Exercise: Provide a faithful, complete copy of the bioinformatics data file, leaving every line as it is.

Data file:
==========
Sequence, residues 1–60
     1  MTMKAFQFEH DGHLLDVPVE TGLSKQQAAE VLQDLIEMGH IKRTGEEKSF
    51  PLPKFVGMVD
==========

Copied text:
Sequence, residues 1–60
     1  MTMKAFQFEH DGHLLDVPVE TGLSKQQAAE VLQDLIEMGH IKRTGEEKSF
    51  PLPKFVGMVD